Of the European painters of the subject, the Flemish Jacob Jordaens depicted Odysseus escaping from the cave of Polyphemus in 1635 (see gallery below) and others chose the dramatic scene of the giant casting boulders at the escaping ship. In Guido Reni's painting of 1639/40, the furious giant is tugging a boulder from the cliff as Odysseus and his men row out to the ship far below. Polyphemus is portrayed, as it often happens, with two empty eye sockets and his damaged eye located in the middle on his forehead. This convention goes back to Greek statuary and painting, and is reproduced in Johann Heinrich Wilhelm Tischbein's 1802 head and shoulders portrait of the giant.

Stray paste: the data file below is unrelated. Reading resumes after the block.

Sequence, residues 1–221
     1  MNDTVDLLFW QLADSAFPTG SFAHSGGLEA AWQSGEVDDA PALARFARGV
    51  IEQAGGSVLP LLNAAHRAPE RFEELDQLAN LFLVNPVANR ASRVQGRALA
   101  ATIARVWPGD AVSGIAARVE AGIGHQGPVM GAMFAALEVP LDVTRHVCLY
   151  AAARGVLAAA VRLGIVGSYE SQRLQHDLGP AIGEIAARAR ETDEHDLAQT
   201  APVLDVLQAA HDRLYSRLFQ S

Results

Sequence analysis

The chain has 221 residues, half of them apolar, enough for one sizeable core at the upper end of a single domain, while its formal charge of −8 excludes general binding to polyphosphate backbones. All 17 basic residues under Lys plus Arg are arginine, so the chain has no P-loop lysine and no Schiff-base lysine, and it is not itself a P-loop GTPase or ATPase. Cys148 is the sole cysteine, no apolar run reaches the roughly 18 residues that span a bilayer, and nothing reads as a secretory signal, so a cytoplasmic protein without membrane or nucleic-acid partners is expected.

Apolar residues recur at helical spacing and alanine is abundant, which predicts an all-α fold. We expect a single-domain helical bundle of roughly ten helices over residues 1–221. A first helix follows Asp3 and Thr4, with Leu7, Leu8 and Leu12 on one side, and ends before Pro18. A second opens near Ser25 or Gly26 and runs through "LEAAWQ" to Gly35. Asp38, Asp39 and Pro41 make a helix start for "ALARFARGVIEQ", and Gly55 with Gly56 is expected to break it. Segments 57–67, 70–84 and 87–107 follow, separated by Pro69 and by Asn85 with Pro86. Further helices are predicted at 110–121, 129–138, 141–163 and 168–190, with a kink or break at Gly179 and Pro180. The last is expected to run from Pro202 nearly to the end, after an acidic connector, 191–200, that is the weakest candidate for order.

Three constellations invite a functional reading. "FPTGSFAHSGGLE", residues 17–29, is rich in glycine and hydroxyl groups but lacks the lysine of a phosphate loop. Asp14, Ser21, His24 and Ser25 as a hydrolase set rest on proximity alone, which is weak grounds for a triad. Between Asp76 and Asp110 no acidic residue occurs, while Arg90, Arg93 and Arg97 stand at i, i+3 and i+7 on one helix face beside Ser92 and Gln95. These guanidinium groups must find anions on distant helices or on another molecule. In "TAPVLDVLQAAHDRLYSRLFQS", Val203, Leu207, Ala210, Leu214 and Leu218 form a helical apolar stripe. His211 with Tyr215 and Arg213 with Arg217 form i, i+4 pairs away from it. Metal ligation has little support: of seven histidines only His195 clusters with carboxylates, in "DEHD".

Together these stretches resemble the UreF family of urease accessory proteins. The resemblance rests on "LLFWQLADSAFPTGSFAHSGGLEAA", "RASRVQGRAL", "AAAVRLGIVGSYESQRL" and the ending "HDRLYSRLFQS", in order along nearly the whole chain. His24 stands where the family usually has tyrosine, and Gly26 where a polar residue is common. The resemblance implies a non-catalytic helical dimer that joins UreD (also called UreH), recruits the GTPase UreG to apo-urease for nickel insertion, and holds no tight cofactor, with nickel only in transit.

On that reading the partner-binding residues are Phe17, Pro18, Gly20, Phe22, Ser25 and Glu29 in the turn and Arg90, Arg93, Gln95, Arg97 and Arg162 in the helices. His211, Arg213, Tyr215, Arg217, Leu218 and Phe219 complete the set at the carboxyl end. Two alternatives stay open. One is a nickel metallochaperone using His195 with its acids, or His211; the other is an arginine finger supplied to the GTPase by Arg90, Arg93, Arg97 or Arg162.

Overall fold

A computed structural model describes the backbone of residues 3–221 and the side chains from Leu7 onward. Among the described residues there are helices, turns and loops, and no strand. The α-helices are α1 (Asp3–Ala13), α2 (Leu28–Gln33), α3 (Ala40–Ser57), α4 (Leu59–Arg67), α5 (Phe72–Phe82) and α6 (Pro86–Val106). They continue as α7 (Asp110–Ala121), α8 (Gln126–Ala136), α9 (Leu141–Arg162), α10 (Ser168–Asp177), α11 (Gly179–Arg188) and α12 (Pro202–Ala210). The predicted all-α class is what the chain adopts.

Arnold Böcklin pictures the giant as standing on rocks onshore and swinging one of them back as the men row desperately over a surging wave (see below), while Polyphemus is standing at the top of a cliff in Jean-Léon Gérôme's painting of 1902. He stands poised, having already thrown one stone, which barely misses the ship. The reason for his rage is depicted in J. M. W. Turner's painting, Ulysses Deriding Polyphemus (1829). Here the ship sails forward as the sun breaks free of clouds low on the horizon. The giant himself is an indistinct shape barely distinguished from the woods and smoky atmosphere high above.

Possible origins